Parents may believe that their feelings should come first during family matters, but this is an antiquated way of thinking that is not going to foster positive relationships. Even though parents do need to make the final decision about everything from dinner to vacation plans, it is necessary to consider the feelings of every family member — including the children. Toxic individuals constantly force children to suppress their own feelings in order to appease their parents.

9. They Co-Opt Your Goals

Did one of your parents become interested in everything you were doing to the point where they took over or even duplicated you? This can seem like the actions of someone who is interested in their child’s life, but what it often does is making it harder for the child to actually meet their goals. For example, if you have to sell 50 boxes of cookies at the same time that your mother decides to make cookies and pass them out to the neighbors, it is going to be a lot harder to hit your sales goal. This behavior can derail you throughout your entire life if you allow your parent to keep getting away with it.

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10. They Use Guilt And Money To Control You

Every child has experienced a guilt trip from their parents, but toxic individuals resort to this tactic on a regular basis. Even as an adult, your parent might still be controlling you by giving you expensive gifts and then expecting something in return. If you fail to do as they want, they will then try to make you feel guilty about it because of “everything they have done for you.” Healthy parents know that children do not owe them a specific response in exchange for money or gifts, especially when these items were not asked for in the first place.

11. They Give You The Silent Treatment

It can be hard to talk to someone when you are angry, but shutting out a child with the silent treatment is very damaging and immature. Dishing out this passive-aggressive treatment hurts any type of relationship and makes the recipient feel pressured into fixing the situation, even when they didn’t do anything wrong. If a parent is too mad to have a rational conversation, they should excuse themselves for a few minutes instead of blatantly ignoring their child.

12. They Ignore Healthy Boundaries

Parents can justify keeping a close eye on their children and, in certain situations, it may even be necessary to do a bit of snooping to keep them safe. However, everyone needs to be able to set boundaries for themselves, especially teenagers. Parents who are toxic override these boundaries at every turn, and this causes numerous problems. For example, a toxic parent will open their child’s door without knocking first. This sets up a pattern that makes it hard for their children to properly recognize and understand boundaries later in life.

13. They Make You Responsible For Their Happiness

If one of your parents spent a lot of time telling you how much they gave up for you in connection with their unhappiness, then they were placing unrealistic expectations on your role in their life. No child should be held accountable for their parent’s happiness. Also, parents should never demand that children give up things that make them happy in order to even out the score. Being forced into this situation will make it difficult for adult children to understand that we are all responsible for our own happiness.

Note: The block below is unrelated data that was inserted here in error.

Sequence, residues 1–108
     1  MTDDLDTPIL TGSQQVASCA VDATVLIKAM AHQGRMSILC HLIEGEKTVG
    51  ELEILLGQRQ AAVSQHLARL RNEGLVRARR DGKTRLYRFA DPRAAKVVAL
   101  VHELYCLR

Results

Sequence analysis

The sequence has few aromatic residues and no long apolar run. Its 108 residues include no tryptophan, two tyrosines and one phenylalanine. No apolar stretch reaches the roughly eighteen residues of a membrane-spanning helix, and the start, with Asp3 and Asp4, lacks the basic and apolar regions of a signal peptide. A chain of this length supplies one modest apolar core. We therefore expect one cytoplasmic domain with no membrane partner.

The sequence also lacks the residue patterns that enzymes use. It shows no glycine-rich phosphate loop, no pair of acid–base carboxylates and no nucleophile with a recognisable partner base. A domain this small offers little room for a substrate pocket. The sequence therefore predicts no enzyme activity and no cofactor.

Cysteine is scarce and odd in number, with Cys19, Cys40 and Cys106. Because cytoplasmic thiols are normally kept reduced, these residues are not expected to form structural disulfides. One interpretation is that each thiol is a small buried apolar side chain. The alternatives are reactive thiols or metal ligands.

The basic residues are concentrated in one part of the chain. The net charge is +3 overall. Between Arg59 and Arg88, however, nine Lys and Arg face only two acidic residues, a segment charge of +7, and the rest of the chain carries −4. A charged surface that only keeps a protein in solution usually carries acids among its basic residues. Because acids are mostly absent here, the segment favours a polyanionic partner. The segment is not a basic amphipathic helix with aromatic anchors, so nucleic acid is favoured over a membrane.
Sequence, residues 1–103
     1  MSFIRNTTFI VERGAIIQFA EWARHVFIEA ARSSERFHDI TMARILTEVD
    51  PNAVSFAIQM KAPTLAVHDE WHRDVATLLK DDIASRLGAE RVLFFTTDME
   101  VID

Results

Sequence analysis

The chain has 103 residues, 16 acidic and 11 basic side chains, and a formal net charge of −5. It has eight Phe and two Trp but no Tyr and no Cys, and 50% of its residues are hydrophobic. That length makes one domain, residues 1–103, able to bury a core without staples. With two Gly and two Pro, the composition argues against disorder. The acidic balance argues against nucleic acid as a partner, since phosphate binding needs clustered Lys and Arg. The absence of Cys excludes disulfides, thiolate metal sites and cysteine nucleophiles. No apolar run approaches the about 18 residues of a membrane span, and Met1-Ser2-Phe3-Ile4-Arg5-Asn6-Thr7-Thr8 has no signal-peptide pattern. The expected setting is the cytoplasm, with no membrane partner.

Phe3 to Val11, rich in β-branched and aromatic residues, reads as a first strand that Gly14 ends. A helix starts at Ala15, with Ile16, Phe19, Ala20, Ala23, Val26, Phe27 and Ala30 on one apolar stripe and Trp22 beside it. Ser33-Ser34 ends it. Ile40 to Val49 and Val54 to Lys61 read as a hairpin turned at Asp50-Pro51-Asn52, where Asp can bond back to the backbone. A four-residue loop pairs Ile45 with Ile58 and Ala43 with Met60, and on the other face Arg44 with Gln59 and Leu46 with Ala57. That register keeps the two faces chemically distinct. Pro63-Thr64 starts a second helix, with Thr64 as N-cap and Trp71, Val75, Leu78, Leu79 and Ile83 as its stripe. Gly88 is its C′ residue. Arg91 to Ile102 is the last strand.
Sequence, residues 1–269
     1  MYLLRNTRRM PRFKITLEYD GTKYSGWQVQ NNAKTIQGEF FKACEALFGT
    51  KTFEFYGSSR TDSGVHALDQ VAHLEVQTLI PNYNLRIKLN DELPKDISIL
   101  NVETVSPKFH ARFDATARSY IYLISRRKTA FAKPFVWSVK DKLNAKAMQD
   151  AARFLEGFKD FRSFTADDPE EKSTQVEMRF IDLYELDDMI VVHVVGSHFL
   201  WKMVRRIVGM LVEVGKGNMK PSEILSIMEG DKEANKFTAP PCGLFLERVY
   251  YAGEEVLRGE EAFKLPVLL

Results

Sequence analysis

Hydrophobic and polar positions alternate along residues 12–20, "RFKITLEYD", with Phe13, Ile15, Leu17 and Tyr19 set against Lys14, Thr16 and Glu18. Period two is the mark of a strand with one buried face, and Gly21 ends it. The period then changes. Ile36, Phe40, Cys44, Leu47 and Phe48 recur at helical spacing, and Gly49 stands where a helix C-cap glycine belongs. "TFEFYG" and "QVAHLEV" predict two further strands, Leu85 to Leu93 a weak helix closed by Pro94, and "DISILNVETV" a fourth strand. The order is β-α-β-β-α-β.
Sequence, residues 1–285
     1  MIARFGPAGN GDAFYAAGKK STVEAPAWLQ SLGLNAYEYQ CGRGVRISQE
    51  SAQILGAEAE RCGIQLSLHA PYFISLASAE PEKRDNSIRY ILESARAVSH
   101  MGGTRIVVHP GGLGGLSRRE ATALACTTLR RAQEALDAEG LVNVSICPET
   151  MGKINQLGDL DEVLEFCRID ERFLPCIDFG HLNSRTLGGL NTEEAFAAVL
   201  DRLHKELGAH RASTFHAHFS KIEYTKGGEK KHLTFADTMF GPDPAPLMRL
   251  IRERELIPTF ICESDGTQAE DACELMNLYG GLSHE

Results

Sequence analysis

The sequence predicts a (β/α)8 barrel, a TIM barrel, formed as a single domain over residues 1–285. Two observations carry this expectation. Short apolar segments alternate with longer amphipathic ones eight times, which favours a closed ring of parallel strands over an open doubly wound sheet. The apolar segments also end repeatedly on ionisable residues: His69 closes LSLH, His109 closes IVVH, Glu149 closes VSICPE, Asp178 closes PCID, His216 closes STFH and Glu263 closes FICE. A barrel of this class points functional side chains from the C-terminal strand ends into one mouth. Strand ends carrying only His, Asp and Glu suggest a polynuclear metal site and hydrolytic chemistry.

Removing toxic people from your life may seem impossible, especially if one of them is a parent. Unless you take action, though, it will be much harder to correct the emotional and psychological damage that was done to you during your childhood. On the plus side, any toxic parent who recognizes themselves within the 13 points in this article can turn to a trained counselor for assistance with breaking their negative behavioral patterns.

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Holly Chavez

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Published on March 13, 2019

What Makes A Great Place to Work Whilst Pregnant

What Makes A Great Place to Work Whilst Pregnant

Among women who had their first child in the early 1960s, just 44% worked at all during pregnancy. The latest figures show that 66% of mothers who gave birth to their first child between 2006 and 2008 worked during their pregnancy.[1]  It also showed that about eight-in-ten pregnant workers (82%) continued in the workplace until within one month of their first birth which has vastly increased from 35%. It is clear to see form the statical trends that more women are choosing to continue working through, and late into, pregnancy.

Unlike other developed world countries, the USA does not mandate any paid leave for new mothers under federal law,[2] though some individual employers make that accommodation and it is mandated by a handful of individual states. Finding what makes a great workplace whilst pregnant can alleviate stress and provide more stability for you and your family. 

In this article, you will discover exactly the best places to work whilst pregnant.

How Difficult Is It to Work Whilst Pregnant?